Navigation

    Navigation

      Faith Into the Water

      A reflection on Joshua 3.

      My name is Hashsha, son of Kadosh, descendant of Levi. Earlier this morning I sat in awe on a bluff overlooking the Jordan river at flood stage. It is the time of the barley harvest and the melting snows on Mount Hermon are filling this valley with a torrent of icy turbulence. Broken branches, entire trees, and an occasional animal struggling to survive are being washed away downstream. It is so loud I can barely hear the busyness and preparations of the 40,000 fighting-age men and their extended families camped behind me. I have been watching this spectacle for three days. Yesterday I walked about ten miles south to the Arabah Sea and a couple days earlier I walked the same distance to the north. Everywhere the crossing was treacherous. Here, the water fills this valley and is maybe a mile across. It is utterly impassable.

      The land that is our inheritance is within sight. This is what Yahweh has promised through Moses and I am both excited and scared. I am thrilled to finally reach a destination that has only been a dream for most of my life. At the same time, I am terrified enough to just curl up in the safety of my tent -- the tent I was born in less than 40 years ago. But as a Levite, my purpose in life lies west of here.

      I evaluate the alternatives. There is no way to cross south of here -- I witnessed that first-hand. And the fords to the north are way too dangerous for this many people. Animals and wagons would most surely be caught in the current and swept downstream to death. There is no road across the Jordan. To get from here to there seems impossible no matter how much human effort or thought we put into it.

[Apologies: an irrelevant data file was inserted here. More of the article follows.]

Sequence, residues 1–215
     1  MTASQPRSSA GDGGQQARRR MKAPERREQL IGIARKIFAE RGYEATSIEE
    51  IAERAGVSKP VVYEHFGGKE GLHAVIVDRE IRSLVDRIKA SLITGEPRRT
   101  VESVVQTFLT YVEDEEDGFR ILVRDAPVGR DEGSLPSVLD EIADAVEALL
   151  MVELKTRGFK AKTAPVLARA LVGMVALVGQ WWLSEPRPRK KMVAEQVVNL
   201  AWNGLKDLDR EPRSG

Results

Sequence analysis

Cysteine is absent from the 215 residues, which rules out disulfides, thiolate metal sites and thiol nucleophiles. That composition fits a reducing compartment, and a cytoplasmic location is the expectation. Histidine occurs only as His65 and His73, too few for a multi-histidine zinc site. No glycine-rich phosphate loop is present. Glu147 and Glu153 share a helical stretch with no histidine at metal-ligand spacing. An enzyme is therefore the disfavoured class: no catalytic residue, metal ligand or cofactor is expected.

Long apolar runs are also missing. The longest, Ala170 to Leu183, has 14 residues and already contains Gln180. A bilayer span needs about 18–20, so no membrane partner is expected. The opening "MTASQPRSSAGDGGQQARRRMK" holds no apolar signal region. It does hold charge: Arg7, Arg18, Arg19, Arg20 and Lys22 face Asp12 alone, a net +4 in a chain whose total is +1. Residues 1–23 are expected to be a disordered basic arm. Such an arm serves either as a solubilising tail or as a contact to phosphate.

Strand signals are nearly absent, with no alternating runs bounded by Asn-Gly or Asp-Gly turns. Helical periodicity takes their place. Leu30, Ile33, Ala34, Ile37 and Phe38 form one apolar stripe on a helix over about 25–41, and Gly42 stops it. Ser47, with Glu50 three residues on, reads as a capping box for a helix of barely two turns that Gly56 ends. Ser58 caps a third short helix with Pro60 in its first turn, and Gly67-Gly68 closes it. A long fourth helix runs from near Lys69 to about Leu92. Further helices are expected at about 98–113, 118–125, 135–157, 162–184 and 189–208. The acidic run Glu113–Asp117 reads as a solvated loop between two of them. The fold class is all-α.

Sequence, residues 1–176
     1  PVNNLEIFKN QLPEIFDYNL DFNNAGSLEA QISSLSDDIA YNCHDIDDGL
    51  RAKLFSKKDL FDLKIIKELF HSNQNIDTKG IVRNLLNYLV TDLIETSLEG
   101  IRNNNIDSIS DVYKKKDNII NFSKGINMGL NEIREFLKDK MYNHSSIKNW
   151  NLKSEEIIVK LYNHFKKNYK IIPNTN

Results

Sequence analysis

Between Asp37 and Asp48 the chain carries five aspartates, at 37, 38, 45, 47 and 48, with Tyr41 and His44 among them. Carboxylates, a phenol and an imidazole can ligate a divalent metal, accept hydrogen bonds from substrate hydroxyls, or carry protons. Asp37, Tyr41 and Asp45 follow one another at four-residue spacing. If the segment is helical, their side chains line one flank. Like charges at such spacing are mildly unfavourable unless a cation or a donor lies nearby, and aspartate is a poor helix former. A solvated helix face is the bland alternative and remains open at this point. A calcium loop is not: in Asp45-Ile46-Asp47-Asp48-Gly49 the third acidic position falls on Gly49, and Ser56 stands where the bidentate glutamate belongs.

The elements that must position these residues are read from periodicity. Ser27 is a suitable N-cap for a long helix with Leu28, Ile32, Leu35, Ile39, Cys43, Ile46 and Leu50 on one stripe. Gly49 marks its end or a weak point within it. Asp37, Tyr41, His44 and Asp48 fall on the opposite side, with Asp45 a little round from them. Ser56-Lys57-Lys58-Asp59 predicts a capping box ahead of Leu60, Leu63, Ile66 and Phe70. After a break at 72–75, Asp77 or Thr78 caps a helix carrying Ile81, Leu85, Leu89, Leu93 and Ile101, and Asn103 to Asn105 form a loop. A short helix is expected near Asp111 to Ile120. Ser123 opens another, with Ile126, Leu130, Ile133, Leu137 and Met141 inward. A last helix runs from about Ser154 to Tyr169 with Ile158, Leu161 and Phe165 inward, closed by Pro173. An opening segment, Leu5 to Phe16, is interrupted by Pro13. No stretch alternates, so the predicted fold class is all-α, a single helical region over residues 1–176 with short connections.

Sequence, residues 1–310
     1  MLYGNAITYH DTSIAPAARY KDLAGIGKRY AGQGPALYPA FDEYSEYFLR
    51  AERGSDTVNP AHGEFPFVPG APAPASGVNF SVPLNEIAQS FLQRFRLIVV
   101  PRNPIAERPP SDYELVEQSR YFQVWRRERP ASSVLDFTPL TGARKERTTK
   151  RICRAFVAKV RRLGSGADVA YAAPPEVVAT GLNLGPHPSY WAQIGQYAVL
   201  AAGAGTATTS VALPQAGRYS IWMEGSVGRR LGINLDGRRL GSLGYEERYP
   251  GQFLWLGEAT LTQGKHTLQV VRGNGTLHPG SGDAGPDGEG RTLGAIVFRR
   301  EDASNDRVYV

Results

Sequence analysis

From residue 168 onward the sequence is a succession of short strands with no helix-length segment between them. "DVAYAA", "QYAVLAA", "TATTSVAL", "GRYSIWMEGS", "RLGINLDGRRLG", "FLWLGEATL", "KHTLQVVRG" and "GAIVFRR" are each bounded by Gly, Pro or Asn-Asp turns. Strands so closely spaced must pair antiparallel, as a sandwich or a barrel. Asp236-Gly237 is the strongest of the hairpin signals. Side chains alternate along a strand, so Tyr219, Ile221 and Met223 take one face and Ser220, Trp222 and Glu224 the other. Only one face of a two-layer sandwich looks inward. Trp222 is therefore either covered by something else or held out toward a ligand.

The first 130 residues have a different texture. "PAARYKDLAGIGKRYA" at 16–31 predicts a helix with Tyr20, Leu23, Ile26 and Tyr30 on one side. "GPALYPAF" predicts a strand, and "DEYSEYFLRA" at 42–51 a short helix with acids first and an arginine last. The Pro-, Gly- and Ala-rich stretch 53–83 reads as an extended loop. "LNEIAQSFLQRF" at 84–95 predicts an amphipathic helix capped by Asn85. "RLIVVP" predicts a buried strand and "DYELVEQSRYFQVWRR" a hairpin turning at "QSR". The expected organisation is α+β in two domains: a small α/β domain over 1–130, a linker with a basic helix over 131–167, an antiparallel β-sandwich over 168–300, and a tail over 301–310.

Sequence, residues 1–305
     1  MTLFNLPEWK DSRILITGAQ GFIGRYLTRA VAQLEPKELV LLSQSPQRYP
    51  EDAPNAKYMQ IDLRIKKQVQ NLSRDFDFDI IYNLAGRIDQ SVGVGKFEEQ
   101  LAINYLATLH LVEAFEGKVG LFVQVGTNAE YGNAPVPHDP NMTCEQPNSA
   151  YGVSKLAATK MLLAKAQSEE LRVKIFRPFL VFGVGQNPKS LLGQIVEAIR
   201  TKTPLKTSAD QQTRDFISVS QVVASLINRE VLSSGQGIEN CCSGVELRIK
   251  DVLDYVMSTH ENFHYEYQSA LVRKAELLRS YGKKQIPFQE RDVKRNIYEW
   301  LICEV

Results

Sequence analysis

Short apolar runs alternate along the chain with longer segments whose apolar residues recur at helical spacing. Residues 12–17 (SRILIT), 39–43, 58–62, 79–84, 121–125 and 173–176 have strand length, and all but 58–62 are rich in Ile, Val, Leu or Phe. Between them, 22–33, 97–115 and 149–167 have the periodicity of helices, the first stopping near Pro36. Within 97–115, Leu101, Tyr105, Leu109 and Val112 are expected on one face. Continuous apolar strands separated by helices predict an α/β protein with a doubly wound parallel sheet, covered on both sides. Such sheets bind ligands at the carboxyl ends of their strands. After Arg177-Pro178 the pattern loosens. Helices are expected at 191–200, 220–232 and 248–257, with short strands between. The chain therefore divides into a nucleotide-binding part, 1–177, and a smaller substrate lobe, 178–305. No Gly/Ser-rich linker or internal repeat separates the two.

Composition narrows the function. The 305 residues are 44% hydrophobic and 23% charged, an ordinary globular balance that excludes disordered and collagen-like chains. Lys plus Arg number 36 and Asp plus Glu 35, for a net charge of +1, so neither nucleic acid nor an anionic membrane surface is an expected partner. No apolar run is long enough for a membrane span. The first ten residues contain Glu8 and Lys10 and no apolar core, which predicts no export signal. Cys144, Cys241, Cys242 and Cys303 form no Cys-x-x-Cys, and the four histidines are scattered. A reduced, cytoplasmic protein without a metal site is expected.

And the seemingly impossible problem truly cannot be solved unless we stop to include God in the process. For the only way to succeed is to stop evaluating possibilities and step out in faith. The only way to achieve what is possible with God is to allow ourselves to be steered like a willing and obedient horse in His direction.

      Joshua selected me to be one of the bearers of the Ark holding it with long acacia wood poles on my shoulders. He wants me in front, leading the way. Joshua instructed me and my kinsmen to carry the Ark directly into the river so that we may see the road we are to follow, for we have not seen it before. He commands us now to get our feet wet. For a fleeting moment I question his sanity.

      We are camped on the Plain of Moab which is an area bordering the Jordan for about eight miles and is about seven miles wide. We have been well-supplied with refreshing, pure, spring-fed streams, and we are gathering our strength preparing for battle as the leadership staff passes from Moses to Joshua.

      As ordered, I hoist the Ark on my shoulders along with my nephews, sons, and cousins and we carry it through the camp heading straight for the raging, angry waters. The people are praising God, they are singing, they are dancing, there is great celebration. But they are also packing up, preparing to move, for they have been told to follow us across the river. They are falling in behind us, at the prescribed distance, filled with the anticipation of finally entering the land which to this point has only been a promise. A dream. And to some, an empty one at that -- until now.